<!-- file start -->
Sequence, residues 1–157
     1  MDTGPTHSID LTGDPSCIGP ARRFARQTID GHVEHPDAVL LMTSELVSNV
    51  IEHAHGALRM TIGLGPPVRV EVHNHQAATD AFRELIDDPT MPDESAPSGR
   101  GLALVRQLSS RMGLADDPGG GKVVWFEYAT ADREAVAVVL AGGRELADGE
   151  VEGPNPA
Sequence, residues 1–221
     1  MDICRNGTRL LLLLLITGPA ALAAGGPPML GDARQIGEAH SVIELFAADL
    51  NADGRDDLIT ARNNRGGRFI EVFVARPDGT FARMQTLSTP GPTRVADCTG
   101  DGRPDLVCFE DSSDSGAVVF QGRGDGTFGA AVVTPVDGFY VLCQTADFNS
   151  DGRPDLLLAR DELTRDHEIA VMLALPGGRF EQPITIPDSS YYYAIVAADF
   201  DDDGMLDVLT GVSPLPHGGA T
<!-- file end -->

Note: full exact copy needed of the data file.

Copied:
Sequence, residues 1–157
     1  MDTGPTHSID LTGDPSCIGP ARRFARQTID GHVEHPDAVL LMTSELVSNV
    51  IEHAHGALRM TIGLGPPVRV EVHNHQAATD AFRELIDDPT MPDESAPSGR
   101  GLALVRQLSS RMGLADDPGG GKVVWFEYAT ADREAVAVVL AGGRELADGE
   151  VEGPNPA
Sequence, residues 1–221
     1  MDICRNGTRL LLLLLITGPA ALAAGGPPML GDARQIGEAH SVIELFAADL
    51  NADGRDDLIT ARNNRGGRFI EVFVARPDGT FARMQTLSTP GPTRVADCTG
   101  DGRPDLVCFE DSSDSGAVVF QGRGDGTFGA AVVTPVDGFY VLCQTADFNS
   151  DGRPDLLLAR DELTRDHEIA VMLALPGGRF EQPITIPDSS YYYAIVAADF
   201  DDDGMLDVLT GVSPLPHGGA T